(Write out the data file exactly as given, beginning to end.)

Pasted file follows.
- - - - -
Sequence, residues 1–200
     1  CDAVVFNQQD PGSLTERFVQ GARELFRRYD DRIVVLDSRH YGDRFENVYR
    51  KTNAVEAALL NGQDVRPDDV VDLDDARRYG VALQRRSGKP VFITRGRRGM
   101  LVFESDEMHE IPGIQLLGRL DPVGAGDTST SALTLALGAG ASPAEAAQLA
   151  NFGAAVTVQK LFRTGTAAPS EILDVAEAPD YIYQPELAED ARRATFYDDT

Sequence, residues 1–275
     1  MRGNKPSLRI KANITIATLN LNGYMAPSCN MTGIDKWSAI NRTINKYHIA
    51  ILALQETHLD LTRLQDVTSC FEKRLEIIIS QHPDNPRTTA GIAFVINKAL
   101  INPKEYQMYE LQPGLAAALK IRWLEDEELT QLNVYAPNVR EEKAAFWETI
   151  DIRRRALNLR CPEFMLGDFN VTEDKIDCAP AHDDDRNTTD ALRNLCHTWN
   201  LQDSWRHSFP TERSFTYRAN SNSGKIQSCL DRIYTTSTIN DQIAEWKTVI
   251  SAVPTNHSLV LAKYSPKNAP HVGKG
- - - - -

Sequence, residues 1–200
     1  CDAVVFNQQD PGSLTERFVQ GARELFRRYD DRIVVLDSRH YGDRFENVYR
    51  KTNAVEAALL NGQDVRPDDV VDLDDARRYG VALQRRSGKP VFITRGRRGM
   101  LVFESDEMHE IPGIQLLGRL DPVGAGDTST SALTLALGAG ASPAEAAQLA
   151  NFGAAVTVQK LFRTGTAAPS EILDVAEAPD YIYQPELAED ARRATFYDDT

Sequence, residues 1–275
     1  MRGNKPSLRI KANITIATLN LNGYMAPSCN MTGIDKWSAI NRTINKYHIA
    51  ILALQETHLD LTRLQDVTSC FEKRLEIIIS QHPDNPRTTA GIAFVINKAL
   101  INPKEYQMYE LQPGLAAALK IRWLEDEELT QLNVYAPNVR EEKAAFWETI
   151  DIRRRALNLR CPEFMLGDFN VTEDKIDCAP AHDDDRNTTD ALRNLCHTWN
   201  LQDSWRHSFP TERSFTYRAN SNSGKIQSCL DRIYTTSTIN DQIAEWKTVI
   251  SAVPTNHSLV LAKYSPKNAP HVGKG